DANAHARAnd as he's gone downhill in popularity around the world and at home, he's become more and more authoritarian, to the extent that President Obama, who used to talk about him being the man he talked to the most, doesn't even really want to meet him for a public cup of coffee.
REHMJia Lynn, did he actually meet with him later?
YANGNot that we know of. They've had a meeting scheduled with Secretary of State Kerry, but otherwise, you know, the snub that we thought it looked like, looks like it was.
LEEThey did actually meet, but it was in the context of the much larger dinner that was held last night. And clearly, you know, he is no longer the flavor of the month that he once was. I do a lot of traveling with Secretary of State Kerry and I remember when he came in, that's exactly right, in 2013. It's hard to remember a trip that Kerry took in those first six to eight months that didn't involve a stop in either Ankara or Istanbul. And now, not much of anything.
REHMHow is that or how are those images that you saw on U.S. television going to play at home, Jia Lynn?
YANGWell, potentially really well for Erdogan's more nationalist supporters who want to see him projecting power and strength and even if Obama doesn't give him a one-on-one intimate sit-down, he's still saying, you know, I'm not gonna put up with protesters or journalists I don’t like showing up at my events. So it really plays very well into this image at home.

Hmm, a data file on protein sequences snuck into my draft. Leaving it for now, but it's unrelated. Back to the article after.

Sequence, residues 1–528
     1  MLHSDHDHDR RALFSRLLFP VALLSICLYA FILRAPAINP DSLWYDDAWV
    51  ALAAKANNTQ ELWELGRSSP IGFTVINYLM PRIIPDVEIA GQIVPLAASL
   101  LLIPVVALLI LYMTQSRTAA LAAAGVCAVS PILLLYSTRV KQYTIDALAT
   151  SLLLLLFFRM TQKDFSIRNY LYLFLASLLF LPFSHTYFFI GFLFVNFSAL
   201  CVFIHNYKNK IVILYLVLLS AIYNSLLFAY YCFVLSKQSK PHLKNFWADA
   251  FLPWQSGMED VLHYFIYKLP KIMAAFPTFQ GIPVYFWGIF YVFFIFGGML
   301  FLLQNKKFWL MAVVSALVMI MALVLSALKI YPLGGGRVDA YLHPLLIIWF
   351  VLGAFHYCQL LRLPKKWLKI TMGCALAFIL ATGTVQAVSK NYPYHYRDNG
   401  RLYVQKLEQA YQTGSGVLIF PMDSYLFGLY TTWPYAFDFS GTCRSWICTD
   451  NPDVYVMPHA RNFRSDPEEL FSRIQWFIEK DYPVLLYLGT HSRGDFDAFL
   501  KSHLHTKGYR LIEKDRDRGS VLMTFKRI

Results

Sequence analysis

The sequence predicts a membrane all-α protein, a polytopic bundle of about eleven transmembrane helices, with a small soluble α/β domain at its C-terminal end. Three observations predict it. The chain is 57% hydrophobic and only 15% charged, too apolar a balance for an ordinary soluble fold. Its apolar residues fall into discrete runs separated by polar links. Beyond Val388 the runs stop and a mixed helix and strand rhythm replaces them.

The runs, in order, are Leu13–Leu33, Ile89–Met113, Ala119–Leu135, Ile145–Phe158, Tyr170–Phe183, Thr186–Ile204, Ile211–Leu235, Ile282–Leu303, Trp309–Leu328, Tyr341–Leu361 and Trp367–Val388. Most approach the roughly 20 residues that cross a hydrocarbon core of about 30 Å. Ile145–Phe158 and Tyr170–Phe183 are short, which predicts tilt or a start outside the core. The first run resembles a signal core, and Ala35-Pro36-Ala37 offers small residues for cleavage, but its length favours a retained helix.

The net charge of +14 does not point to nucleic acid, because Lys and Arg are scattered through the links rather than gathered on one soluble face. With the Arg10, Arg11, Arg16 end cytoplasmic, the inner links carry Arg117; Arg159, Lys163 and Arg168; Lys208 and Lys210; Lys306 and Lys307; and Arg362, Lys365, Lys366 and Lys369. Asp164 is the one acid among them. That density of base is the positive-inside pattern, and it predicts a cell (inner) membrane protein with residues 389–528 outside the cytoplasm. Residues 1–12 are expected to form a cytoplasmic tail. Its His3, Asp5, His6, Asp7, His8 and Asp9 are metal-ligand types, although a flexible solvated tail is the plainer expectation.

DANAHARAnd also there was apparently a meeting that he had with former administration officials, former members of government earlier to his summit meeting and he was trashing the Obama administration so he came fully expecting to not be welcomed and he sort of went on the front foot and started criticizing the administration. So, look, the relationship that used to be there, used to be really important where the Americans thought they could manage a lot of the trouble in the Middle East with the Turks -- if you remember, they're old policy was zero problems with neighbor.
DANAHARSo they were all about reaching out to the Middle East and being everybody's friend. It's gone completely pear-shaped and now you have a situation where perhaps the man that Obama put most of his ambition in for being able to manage the problems he saw in the Middle East by remote control, it's all fallen apart.
REHMSo what about refugees in Turkey right now, Matt?
LEEWell, there is no doubt that Turkey is shouldering a huge burden here and has some real needs in terms of the millions of refugees that are there and that's why we've seen this deal with the EU come through.
REHMMatthew Lee, he's diplomatic writer for the Associated Press. Short break here and when we come back, we'll look at what's happening in Iran. Stay with us.